Portelas – The Theatre Of Dreams

The Theatre of Dreams is a nickname for the football ground of Manchester United. It has a capacity of 75,600 and it looks like this.

theatre-of-dreams-1

I am not a Manchester United fan, but I have stolen the nickname, for the moment, for the place are moving to in Portelas. The house has been valued and that part is OK. We know the local council have re-inspected the property. On a first inspection they came up with a list of work to be carried out by the bank. That has all been done and we are simply waiting for them to issue a habitation licence for the under-build, which is the part we oldies will occupy, whilst the next two generations will live in the two levels above us.

I intend having a lot of social functions indoors, very much part of my Theatre of Dreams. I hope to travel in time and space, and I fully expect there to be one murder per year. What would you anticipate in the Theatre of Dreams?

But there are a couple of events I would like to run outdoors. Our garden is very odd. It is classed as agricultural, which limits severely what we can do with it. There is an underground village water spring on it, so the land is classed as ecological. Basically, this means we can do next to nothing on it. We are not permitted to build any structure on it, and that means we are not allowed to have a swimming pool, even one sitting above ground.

I am not even sure that we would be permitted to use it for agricultural purposes, but as I am not a gardener, I see that as no great loss. As far as I can tell, we have a giant garden that has to remain as a garden, and indeed could well be a bit of a burden.

However, I am not short of resourcefulness, so the issue is how can we turn this facility into part of our Theatre of Dreams.

Here is the first photo of the garden area. The rather grotty area on the right is actually a car parking/turning area at the bottom of our drive. It will need to be cleaned up and perhaps we will tile it give us an even larger patio.

patio-2

The ‘lawn’ behind is clearly rough grass at the moment. One option to keep it in trim is to get the locals to bring sheep onto our land every so often and let them graze the grass. I don’t know whether that would go down well with the neighbours and we have a Staffordshire terrier that probably would not go down well with shepherd, so we may have to invest in a ride-on lawn mower.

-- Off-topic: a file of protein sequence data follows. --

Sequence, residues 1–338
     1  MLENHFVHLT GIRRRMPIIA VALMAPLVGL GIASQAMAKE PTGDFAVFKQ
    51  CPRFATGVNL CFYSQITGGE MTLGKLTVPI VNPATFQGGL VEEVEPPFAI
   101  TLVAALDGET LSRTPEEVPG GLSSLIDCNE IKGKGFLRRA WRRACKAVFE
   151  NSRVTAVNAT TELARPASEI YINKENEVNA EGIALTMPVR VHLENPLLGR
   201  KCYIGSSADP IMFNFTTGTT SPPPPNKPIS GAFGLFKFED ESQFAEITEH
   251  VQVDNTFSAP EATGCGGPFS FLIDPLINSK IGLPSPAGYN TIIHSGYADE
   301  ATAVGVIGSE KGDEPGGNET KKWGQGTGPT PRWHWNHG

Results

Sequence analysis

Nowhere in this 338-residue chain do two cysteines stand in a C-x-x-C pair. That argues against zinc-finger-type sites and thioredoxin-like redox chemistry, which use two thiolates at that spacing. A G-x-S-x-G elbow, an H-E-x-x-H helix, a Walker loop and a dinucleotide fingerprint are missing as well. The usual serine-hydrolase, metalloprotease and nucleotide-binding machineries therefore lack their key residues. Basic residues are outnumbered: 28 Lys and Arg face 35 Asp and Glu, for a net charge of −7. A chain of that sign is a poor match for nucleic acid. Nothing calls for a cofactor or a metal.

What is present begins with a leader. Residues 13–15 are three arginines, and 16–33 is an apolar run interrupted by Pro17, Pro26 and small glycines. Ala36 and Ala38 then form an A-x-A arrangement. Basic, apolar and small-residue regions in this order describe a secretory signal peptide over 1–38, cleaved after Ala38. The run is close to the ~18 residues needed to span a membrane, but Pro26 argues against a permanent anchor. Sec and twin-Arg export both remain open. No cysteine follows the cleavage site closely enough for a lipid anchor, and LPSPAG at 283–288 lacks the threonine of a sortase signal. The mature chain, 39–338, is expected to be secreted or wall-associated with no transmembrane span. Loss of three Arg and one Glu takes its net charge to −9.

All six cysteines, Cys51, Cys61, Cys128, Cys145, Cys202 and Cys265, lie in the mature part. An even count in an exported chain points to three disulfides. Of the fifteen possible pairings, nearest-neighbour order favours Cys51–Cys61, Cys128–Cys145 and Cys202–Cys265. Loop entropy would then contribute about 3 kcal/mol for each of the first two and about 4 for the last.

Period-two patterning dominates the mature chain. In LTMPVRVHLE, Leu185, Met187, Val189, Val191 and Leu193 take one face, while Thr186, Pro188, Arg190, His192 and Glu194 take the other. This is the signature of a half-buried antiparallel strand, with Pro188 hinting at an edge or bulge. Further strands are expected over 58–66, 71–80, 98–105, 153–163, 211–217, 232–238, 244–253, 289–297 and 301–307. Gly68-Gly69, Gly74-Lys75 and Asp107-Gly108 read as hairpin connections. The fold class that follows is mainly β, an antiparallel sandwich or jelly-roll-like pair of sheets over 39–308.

The fenced off area beyond that is rather odd, because it is not part of our property. Someone uses that for agricultural purposes, so I will need to check if there are any goodies on there for culinary purposes.

The patio on the left is actually the roof of an outbuilding, so we have a fairly large storage area, though I dare say it will soon get filled with detritus.

This is a photo of the main part of the garden. Beyond the agricultural land, our garden becomes full width, and the bottom of the garden is that little line of trees and bushes running across the photo.

patio-1

We therefore have room for 5 a-side or even 7 a-side football pitch, just part of our own Theatre of Dreams. Our ‘crowd’ capacity is probably well in excess of 100, and the limiting factor is again loos, though I think I have solved that.

I envisage an annual game in Spring or Summer. It will be Portugal v England, limited to those who are still attending primary school. I hope our Portuguese neighbours will rustle up an entire batch of junior Cristiano Ronaldo’s, and I’m pretty confident of being able to round up enough budding Harry Kane’s to do the trick for England. The ‘seniors’, aged 6-11, would play the ‘competitive’ game on a ‘proper’ pitch, while the very young would get that grassy area near the patio for a friendly kick-about.

The other idea I hope to run sometime each December is ‘A Dickens of a Christmas’. This is also an idea poached from elsewhere. Each year in England we both enjoyed going to a local village where they had set aside various halls and public areas and stuffed them with craft stalls, fun fairs for children and adults alike, and places where you could sit, get a rest, have cup of tea and a snack or a light bite. Then the grandchildren came along and things changed a bit, because they had quite different interests to us. One thing that amused all four of us was that you had to park outside the village, then a London double-decker bus would take us in, then out again.

We have enough room in the garden to set up many a stall. Again, the limiting factor is loos, but as I said, a solution has been developed. Oddly enough, I may be able to lay my hands on some quaint antique transport, though I don’t think I can source a double-decker. I’m not sure this is an issue because the roads around our house are not wide enough for one of those.

There are two ways of looking at our rear garden. One is as a near useless, labour intensive, dingy, waste of time and space. What I see is our Theatre Of Dreams. Welcome to Portelas!

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